- Google acquired Cambridge-based startup Redux ST which developed advanced haptic technology.
- An in-person demo of the company’s technology made me feel as if I was handling physical buttons.
- Redux ST also developed technology that played sound using a smartphone’s screen as a speaker.
LONDON – Google has quietly acquired a small British startup that has developed advanced haptic feedback technology which makes flat glass screens feel like real, physical buttons, and also plays music through the screen itself.
Redux ST’s technology is an interesting fit for Google, and could be used in its Pixel smartphones and ChromeBook laptops, or even in its self-driving cars.
I met with Redux ST at the Mobile World Congress technology conference in Barcelona in early 2017, before Google acquired the startup. I sat on a bed in a cramped, hot, hotel room with three Redux ST employees who showed me two devices they had developed.
The main device was a large touchscreen on a shelf. It looked like an Android tablet but much bulkier and with large bezels at the sides. This device showcased Redux ST’s advanced haptics.
Redux ST’s technology made it feel like I was actually pressing buttons, rotating dials, and moving puzzle pieces around. The screen remained flat, but the vibration behind it tricked my fingers into feeling three-dimensional buttons that weren’t really there.
It was like a more impressive version of the Home button technology Apple used on iPhone (before the iPhone X). There was a circle in the bezel that you applied pressure on to close apps, but it didn’t depress like an actual button. Instead, Apple used vibrations to fool you into thinking you pressed a button.
Redux ST’s device had a series of demos that walked through the ways it could use haptic feedback. One demonstration had me turning a volume dial, and I felt a kind of “ticking” feeling as I rotated the wheel.
Another had me pressing buttons on a virtual keypad. If I closed my eyes, I would have felt like I was actually pressing buttons that had a physical presence.
One demo tasked me with assembling a puzzle from pieces displayed on the screen. The pieces made a clicking vibration feeling as I slotted them in, which helped me find the right place for them.
And perhaps the most intriguing section of the demo was based around how the technology could be used in vehicles. I could press buttons and drag sliders more easily when they felt physical. That makes sense for a screen in a car – anything that stops the driver having to take their eyes off the road is a good thing.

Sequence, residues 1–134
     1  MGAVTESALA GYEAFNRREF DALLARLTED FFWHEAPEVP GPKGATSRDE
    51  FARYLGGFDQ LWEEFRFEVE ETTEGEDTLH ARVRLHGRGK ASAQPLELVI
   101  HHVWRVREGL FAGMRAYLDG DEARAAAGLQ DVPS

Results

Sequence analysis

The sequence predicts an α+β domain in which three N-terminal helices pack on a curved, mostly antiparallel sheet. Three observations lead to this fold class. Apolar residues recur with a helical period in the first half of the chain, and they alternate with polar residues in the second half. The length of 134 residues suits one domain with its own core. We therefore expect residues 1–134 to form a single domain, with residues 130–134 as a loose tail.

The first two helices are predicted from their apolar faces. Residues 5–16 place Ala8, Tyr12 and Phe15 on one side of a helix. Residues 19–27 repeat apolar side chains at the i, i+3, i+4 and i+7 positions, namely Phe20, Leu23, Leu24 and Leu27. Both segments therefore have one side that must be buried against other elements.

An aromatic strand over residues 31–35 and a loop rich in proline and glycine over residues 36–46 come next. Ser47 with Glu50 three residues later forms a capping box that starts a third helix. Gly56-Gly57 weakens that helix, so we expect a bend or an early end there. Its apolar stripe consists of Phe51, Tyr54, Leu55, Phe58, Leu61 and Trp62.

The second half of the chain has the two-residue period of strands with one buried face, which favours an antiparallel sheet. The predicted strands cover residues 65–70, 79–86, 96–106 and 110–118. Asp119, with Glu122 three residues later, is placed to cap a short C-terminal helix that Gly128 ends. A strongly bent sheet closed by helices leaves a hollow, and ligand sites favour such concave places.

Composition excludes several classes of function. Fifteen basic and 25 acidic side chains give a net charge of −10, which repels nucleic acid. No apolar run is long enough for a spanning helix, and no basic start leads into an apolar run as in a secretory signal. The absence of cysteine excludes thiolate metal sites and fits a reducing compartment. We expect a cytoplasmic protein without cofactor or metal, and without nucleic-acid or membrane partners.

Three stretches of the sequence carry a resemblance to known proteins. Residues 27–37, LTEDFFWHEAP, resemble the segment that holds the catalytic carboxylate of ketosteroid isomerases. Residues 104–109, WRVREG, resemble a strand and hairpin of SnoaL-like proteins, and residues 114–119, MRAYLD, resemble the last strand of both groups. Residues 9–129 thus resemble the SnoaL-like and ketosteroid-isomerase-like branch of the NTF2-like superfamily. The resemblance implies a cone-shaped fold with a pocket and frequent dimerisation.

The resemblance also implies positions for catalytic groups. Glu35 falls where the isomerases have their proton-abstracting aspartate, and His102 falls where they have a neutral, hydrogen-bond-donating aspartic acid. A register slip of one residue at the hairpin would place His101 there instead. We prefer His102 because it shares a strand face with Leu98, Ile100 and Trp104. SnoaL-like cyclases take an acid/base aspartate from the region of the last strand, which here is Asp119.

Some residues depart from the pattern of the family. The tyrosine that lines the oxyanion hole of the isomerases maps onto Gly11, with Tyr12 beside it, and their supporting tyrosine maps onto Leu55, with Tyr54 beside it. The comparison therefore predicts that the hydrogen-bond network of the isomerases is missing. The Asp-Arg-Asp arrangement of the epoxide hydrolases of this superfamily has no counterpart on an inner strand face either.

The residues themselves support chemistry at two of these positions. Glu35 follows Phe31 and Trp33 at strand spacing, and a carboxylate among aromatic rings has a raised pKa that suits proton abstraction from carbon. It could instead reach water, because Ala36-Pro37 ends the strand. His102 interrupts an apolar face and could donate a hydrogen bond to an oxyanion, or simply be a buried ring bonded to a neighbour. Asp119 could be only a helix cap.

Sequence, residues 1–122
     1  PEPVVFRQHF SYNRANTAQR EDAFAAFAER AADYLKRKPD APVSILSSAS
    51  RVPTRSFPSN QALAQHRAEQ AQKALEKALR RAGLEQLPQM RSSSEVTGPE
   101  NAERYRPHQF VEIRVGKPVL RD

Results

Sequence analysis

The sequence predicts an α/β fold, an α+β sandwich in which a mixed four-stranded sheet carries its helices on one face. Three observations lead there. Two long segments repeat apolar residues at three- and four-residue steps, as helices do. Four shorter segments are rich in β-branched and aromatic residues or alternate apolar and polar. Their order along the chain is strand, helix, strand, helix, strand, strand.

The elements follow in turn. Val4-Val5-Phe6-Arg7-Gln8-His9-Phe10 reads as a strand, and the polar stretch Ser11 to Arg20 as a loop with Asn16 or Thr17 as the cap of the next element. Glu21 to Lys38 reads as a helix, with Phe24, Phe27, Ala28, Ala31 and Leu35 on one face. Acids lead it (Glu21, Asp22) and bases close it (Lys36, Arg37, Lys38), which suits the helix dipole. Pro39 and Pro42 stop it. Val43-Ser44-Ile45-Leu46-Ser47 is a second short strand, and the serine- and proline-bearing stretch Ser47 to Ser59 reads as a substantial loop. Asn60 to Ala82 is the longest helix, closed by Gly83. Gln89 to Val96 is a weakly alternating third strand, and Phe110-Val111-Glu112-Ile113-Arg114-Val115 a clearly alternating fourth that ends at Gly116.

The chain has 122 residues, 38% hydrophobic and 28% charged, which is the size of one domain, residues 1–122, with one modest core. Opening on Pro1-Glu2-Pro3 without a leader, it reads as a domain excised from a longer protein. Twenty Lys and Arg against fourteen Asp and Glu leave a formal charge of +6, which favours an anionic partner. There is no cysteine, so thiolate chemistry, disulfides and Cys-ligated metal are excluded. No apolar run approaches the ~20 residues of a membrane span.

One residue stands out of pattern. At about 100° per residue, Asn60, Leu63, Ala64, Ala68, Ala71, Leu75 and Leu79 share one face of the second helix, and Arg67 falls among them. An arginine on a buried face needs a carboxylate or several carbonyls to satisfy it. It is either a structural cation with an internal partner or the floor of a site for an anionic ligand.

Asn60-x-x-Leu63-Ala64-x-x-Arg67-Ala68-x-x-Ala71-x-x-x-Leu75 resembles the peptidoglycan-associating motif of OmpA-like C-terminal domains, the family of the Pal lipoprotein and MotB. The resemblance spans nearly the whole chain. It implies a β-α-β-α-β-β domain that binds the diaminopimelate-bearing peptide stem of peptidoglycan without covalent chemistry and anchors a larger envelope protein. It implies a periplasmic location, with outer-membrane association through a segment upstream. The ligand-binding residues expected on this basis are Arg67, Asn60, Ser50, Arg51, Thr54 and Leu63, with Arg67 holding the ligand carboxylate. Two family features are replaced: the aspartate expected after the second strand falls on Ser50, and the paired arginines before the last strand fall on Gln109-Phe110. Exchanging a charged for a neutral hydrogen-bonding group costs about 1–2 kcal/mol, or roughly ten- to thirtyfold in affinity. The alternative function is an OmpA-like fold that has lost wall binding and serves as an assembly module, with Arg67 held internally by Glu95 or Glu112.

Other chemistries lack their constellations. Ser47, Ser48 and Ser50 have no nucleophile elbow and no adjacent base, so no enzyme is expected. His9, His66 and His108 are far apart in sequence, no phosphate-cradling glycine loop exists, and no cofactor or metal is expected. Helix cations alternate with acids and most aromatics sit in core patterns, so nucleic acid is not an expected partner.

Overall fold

The second device I was shown was a dummy smartphone. It had a screen and a metal case, but was essentially just a speaker mocked up to look like a phone.
The interesting thing about that device was that there were no speaker grilles or holes for sound to come out of. Instead, the sound came through the screen itself.
Redux ST employees said that they could just emit audio from the top half of the phone, for example, so that you wouldn’t have audio coming out near your mouth whilst on a call.
Google could use Redux’s tech to make its products more immersive
So what could Google be doing with that technology?
Perhaps it just wanted one of Redux ST’s patents on playing audio through a screen. It’s a neat trick with no discernible drop in audio quality. And cutting out speaker grilles makes it easier to waterproof a smartphone’s internal components.
Buying up Redux ST’s patents would also allow Google to proceed with its own development of haptic feedback without any worries of competing with a smaller company that had already patented the technology. Google settled a lawsuit over haptic feedback patent infringement in Android phones in 2012, and it won’t be keen to get into a similar fight again.
Or maybe Google has ambitious plans to embed haptic feedback within its Chromebook laptops and Pixel phones.
In 2015 Google announced that it had been experimenting on a new kind of sensor. Project Soli used radar technology to track the movement of people’s fingers. The announcement video even gave the example of a user turning a virtual dial, just like Redux did in its demonstration.
Finally, the haptic feedback technology would work well in one of Google’s self-driving cars. Anything likely to improve safety will make regulators look more kindly on its cars.
Sure, for most of the time people will be sitting back and not driving, but there’s always the chance that people in the vehicles could have to take over operations and drive it themselves if the software fails.
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